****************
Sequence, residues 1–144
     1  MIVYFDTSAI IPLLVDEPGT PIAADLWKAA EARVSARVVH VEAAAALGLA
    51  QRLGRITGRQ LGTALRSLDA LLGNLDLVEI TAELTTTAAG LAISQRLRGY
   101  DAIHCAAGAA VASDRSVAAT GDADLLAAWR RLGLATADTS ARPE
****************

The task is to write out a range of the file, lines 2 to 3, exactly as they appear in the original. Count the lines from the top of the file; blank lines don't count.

     1  MIVYFDTSAI IPLLVDEPGT PIAADLWKAA EARVSARVVH VEAAAALGLA
    51  QRLGRITGRQ LGTALRSLDA LLGNLDLVEI TAELTTTAAG LAISQRLRGY